2. Open the GIF with an image-editing program like Paint or Photoshop
  3. Black out the words in the newspaper text into a poem
  4. Save an image of the poem as a .jpg, .gif, or .png file less than 2MB in file size
  5. Send in the image file along with the required information using the submission form

TIPS

  • Combine both columns into one poem—don’t just do each column at a time! It doesn’t make for a good read. Skip between the two…this allows for more interesting possibilities. You can see the previous winners here and here.
  • Remember that Westerners read left-to-right, up-to-down. Poems read best if they follow that pattern.
  • You can get around the left/right/up/down problem by connecting words with whitespace. (See an example.)
  • What you are doing when making a blackout poem, in the words of Allen Ginsberg, is “shopping for images.” Nouns and verbs make the best images.
  • Regardless of where it’s located in the text, I always start a poem by looking for a word or image that resonates with me and move from there.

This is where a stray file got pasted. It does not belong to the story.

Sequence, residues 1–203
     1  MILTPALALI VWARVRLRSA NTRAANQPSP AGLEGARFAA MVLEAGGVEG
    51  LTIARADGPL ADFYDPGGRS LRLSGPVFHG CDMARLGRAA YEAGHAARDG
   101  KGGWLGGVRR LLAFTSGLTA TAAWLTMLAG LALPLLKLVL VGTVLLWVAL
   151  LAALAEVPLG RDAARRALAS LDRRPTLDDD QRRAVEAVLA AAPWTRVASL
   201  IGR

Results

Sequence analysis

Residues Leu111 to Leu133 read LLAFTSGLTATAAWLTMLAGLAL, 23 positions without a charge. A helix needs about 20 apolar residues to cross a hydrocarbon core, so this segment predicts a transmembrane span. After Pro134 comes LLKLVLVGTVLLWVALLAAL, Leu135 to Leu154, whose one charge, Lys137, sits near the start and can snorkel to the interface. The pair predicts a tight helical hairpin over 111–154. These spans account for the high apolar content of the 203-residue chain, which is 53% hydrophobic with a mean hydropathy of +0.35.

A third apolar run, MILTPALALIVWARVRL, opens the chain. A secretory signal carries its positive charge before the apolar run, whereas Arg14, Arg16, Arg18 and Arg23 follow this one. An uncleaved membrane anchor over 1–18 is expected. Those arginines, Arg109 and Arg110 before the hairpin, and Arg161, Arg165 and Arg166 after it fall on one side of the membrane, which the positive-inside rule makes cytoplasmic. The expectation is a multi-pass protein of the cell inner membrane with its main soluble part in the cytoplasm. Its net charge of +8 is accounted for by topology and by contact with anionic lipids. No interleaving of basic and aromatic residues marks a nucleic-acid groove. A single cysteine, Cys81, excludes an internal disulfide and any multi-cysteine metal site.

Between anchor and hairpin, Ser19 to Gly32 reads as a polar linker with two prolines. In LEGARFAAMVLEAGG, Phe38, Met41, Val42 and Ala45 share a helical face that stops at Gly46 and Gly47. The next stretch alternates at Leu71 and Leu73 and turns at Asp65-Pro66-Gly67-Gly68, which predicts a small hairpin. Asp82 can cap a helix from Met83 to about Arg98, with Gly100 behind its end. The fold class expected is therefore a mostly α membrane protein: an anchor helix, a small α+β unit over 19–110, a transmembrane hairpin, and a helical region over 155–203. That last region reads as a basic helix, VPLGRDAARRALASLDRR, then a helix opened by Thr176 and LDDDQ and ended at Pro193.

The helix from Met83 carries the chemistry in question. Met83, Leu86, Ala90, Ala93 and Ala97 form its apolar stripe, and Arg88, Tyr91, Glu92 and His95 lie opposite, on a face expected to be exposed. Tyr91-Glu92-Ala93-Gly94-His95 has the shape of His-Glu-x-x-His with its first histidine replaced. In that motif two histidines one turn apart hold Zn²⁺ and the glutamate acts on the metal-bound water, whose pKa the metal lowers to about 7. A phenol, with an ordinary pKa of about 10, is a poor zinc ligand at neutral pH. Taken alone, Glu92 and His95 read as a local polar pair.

• It’s a lot like a word search.
  • You don’t have to use the whole text. What to leave in / leave out / how long is the magic.
  • Poetry doesn’t have to be serious!
  • Try not to think to hard about it and let it flow! It might take you a bunch of tries. Don’t be intimidated! Anyone can do it!

One winner and three runners-up will be announced at the end of the month, along with our last contest in November.

You can see the previous winners here and here.

Help us spread the word! Link to:
http://www.austinkleon.com/newspaper-blackout-poems

Good luck!

Submission form

Read the official contest rules.

Remember: only US residents 18 and older. One contest entry per month, please. Be sure to fill out all required fields and keep your image file limited to 2MB or smaller.

All entries must be submitted by October 23, 2008 (5:00 P.M. EST)

THE CONTEST IS NOW CLOSED. SEE THE WINNERS.

Problems with your submission? E-mail: blackoutpoems [at] gmail [dot] com

Become a fan of the poems on Facebook

WINNERS OF THE SEPTEMBER NEWSPAPER BLACKOUT POEM CONTEST

Monday, September 29th, 2008

This month, I decided to announce two co-winners and two runner-ups. The first co-winner is Peter Boet, a civil engineer from Grand Haven, Michigan, for his poem, “Clue.”

peter boet blackout poem winner

Here’s Peter on the making of his poem:

After scanning the article a couple times, the words that stuck out for me were “revolver” and “dining room” because they reminded me of the board game Clue. I was pretty sure I wasn’t going to find Professor Plum or Colonel Mustard, although I think I did check. I was searching for Mr. Green when I stumbled upon Mrs. White hanging out near the lower left hand corner. Thankfully, most of the article had to do with games and winning so I was able to tie them together.